You should play Dungeons and Dragons – Luther College Chips


As a major in English, there are few things that I love more than a good story. Being raised on a healthy diet of Tolkien, Le Guin and Gaiman, you can probably guess my predilection for fantastic and immersive world building. I love to be totally absorbed in a tale, but over the years I have found it more and more difficult to reserve space to indulge in such an immersion. By the time I reached college, reading for fun was almost absent from my life.

And then I was asked to complete a D&D session.

The campaign had already started several sessions before my arrival, but one of the players had to skip for personal reasons. Not wanting to procrastinate, the group offered to let me fill in as a character for an evening. I hesitated to accept. The only exposure I had had to gambling before was Strange things, and I wasn’t quite into the idea of ​​sitting in a dormitory pretending to be on a Mythic Quest. However, my friends were persistent and I was too lazy to make other plans. So, I went.

And I saw something that I hadn’t had for a long time.

I’ve seen people dive into another world and shut down ours, even briefly. I have seen friends that I have known for years become completely different people, reflections of the individuals they aspired to be or of those they knew they would never become. I saw that they were able to express ideas and emotions more freely than they would have been without the shield of a character sheet. And I knew I wanted to be a part of it.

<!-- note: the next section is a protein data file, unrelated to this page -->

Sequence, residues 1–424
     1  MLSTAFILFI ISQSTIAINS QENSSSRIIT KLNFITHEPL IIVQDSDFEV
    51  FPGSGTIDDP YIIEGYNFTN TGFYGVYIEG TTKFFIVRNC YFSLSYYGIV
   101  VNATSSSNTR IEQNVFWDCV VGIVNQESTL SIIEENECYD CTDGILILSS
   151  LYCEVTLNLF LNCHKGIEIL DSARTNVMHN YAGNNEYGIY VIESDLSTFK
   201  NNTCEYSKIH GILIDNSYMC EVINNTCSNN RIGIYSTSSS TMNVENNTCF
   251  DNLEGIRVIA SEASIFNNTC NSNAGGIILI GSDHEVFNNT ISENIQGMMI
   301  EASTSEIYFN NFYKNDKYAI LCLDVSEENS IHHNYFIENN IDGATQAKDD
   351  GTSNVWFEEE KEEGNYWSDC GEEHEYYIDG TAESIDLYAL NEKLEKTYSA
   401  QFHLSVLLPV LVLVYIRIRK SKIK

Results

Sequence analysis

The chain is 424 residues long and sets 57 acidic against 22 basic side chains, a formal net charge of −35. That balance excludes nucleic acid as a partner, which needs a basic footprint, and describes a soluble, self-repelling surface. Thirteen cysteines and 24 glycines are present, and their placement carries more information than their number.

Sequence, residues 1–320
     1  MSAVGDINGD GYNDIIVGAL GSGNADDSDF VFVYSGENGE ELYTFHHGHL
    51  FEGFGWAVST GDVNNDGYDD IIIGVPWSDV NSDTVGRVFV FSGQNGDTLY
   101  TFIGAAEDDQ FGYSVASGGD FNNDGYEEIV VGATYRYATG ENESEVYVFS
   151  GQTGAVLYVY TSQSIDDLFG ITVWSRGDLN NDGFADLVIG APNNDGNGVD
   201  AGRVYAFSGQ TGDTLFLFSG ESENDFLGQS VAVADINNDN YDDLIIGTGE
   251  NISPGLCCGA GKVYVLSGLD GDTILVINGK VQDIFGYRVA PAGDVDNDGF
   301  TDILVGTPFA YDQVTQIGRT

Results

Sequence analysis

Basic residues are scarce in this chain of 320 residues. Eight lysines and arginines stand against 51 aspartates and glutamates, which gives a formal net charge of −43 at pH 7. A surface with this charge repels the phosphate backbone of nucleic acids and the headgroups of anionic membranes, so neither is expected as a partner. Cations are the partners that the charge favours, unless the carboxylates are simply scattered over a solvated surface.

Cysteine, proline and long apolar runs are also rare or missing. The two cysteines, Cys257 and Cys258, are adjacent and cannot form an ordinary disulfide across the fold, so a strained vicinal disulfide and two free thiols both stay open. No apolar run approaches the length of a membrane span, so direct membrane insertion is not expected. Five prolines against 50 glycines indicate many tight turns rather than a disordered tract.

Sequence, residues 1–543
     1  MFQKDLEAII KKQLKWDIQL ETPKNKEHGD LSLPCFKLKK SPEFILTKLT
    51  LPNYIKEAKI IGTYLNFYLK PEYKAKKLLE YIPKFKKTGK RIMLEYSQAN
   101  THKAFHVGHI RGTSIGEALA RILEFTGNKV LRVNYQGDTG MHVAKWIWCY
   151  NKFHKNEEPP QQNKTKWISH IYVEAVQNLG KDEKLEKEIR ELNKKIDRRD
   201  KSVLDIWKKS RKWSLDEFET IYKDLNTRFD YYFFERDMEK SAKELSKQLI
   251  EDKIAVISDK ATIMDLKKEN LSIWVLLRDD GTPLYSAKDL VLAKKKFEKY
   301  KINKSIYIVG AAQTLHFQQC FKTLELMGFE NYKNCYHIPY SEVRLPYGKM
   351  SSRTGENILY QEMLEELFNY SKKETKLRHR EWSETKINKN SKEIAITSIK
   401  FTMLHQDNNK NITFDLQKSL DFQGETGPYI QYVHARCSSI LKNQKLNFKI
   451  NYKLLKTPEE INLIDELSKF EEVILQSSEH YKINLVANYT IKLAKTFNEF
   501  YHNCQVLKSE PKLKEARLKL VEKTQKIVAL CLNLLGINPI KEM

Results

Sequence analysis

There are a lot of reasons why you might want to play D&D. In addition to all of the above, many find the experience as a gamer or gamemaster to be incredibly rewarding as a creative. It’s a chance to develop storytelling skills without having to consider every word choice, it’s a story in action. You unwittingly recognize and implement tropes and follow them to their natural conclusions. You describe the world which only you can see as those around you can also discern its outlines. There is also something to be said for the community itself (there is even an entire episode of the series Community about this very thing). Nowhere have I met such a large gathering of people interested in the same thing with so little drama. It is a community that supports newcomers who have no idea what they are doing and wants to make sure they are successful and have fun doing it.

If you still need to be convinced, let me give you two more tips: First, if you don’t know where to start, there are a bunch of resources out there. My personal recommendation would be that you watch a campaign, and there are so many parts on YouTube and Spotify that have great content (personal favorites include Dimension 20, critical role, and Essays and Trebuchets). My last tip? Just play. One of the many virtues of D&D is the accessibility of its gameplay. All you need is six dice and a few friends, and you’re about to become your own hero.


About Johanna Gooding

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